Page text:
With so many vitamins and minerals out there, it’s hard to know if you’re meeting the daily-recommended amounts of each. Vitamin B12 is one nutrient many people are lacking in their diet. Unlike vitamin D and vitamin K, your body doesn’t make its own vitamin B12, so you have to get it from the food you eat to get it at all.
Vitamin B12 has several important functions in the body. It helps form red blood cells, keeping you from becoming anemic; keeps nerve and brain tissue healthy; enables your body to absorb folic acid—a nutrient that assists in the release of energy; and helps make your DNA.
The American Journal of Clinical Nutrition estimates that in the United States and United Kingdom, six percent of the population over the age of 60 is deficient in vitamin B12.
How can you know if you’re getting enough vitamin B12, and if you’re deficient, what’s the best treatment? You’re about to find out.
Any time you have a vitamin deficiency, symptoms come on slowly. It can take years to recognize the symptoms, but as time goes by, symptoms become more noticeable. Because vitamin B12 is vital to the production of red blood cells, the main symptom of a deficiency is anemia.
Common symptoms include weakness, lightheadedness, fatigue, pale skin, shortness of breath, irregular heartbeat, gastrointestinal irregularities, muscle weakness, weight loss, nerve conditions such as numbness or tingling, a sore tongue, vision loss, changes in behavior or mood, and memory loss.
It’s rare for people in developed countries to not get enough vitamin B12 in their diet. Vegans and vegetarians who don’t eat animal products like meat, cheese, milk, and eggs are at the greatest risk for a deficiency.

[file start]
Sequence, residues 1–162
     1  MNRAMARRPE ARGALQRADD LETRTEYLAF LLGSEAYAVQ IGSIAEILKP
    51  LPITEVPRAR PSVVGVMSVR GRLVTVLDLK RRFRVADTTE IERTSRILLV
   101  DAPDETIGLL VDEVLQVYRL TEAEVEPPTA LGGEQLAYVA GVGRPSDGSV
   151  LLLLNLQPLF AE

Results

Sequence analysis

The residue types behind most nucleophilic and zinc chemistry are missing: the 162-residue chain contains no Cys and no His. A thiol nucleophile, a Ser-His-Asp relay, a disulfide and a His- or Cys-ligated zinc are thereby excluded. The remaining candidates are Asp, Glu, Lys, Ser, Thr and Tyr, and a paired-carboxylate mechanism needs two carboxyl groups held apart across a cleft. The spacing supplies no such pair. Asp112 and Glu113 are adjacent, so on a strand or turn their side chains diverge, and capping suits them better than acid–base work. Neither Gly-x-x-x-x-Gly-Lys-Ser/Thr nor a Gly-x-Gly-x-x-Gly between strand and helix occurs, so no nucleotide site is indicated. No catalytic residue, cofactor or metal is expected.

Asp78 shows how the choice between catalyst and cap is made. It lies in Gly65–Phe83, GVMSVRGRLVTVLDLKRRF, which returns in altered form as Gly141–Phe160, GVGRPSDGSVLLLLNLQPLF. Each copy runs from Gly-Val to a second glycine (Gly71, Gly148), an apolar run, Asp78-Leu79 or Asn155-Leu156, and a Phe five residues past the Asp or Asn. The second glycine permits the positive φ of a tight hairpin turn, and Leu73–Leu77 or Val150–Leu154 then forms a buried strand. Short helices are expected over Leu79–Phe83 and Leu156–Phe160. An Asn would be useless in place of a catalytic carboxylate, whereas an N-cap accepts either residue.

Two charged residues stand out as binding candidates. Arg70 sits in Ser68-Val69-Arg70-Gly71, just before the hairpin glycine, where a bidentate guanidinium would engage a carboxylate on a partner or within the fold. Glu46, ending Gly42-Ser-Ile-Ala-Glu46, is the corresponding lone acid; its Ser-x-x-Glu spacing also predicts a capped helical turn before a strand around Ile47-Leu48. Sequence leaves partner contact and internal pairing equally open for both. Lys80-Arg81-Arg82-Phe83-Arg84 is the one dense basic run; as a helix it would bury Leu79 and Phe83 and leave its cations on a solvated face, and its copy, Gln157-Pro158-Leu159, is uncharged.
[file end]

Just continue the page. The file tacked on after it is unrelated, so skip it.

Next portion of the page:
Pernicious anemia is another cause for a vitamin B12 deficiency. This autoimmune disease damages the lining of the stomach, making it difficult for the body to properly absorb vitamin B12. Other conditions that put you at risk for a vitamin B12 deficiency include bowel conditions such as Crohn’s disease, celiac disease, or parasites. And if you’ve undergone weight-loss surgery or other surgery that reduces the size of the stomach or intestines, have used acid-reducing drugs for multiple years, and are an alcoholic, your risk for a vitamin B12 deficiency is greater than the general population.
If the symptoms listed above sound familiar, a simple blood or breath test can tell if you’re low in vitamin B12, and treatment depends on the cause. If your diet is lacking, then your physician will recommend you change what you eat, take supplements, or get B12 injections. When the cause is due to disease or medical conditions outside of your control that hinder your body’s ability to absorb enough B12, six rounds of B12 shots should do the trick.
Regardless, once you are diagnosed with a vitamin B12 deficiency, regular blood tests to monitor your B12 levels and booster shots every few months may be necessary to maintain optimal health. In some cases, nasal therapy or oral supplements may be enough to resolve the issue.
The amount of vitamin B12 you need each day for health and wellness depends on your age, your medical conditions, and what medications you take. In general, children 1 to 3 years of age should get 0.9 micrograms (mcg) each day, ages 4 to 8 need 1.2 mcg, 9 to 13 require 1.8 mcg, teenagers and adults should get 2.4 mcg, pregnant women 2.6 mcg, and breastfeeding women a bit more at 2.8 mcg.
Foods high in vitamin B12 include animal products such as meat, seafood, poultry, eggs, and dairy. Some cereals are fortified with vitamin B12, and many daily multivitamins contain 6 mcg of vitamin B12, which is more than your daily-recommended amount.
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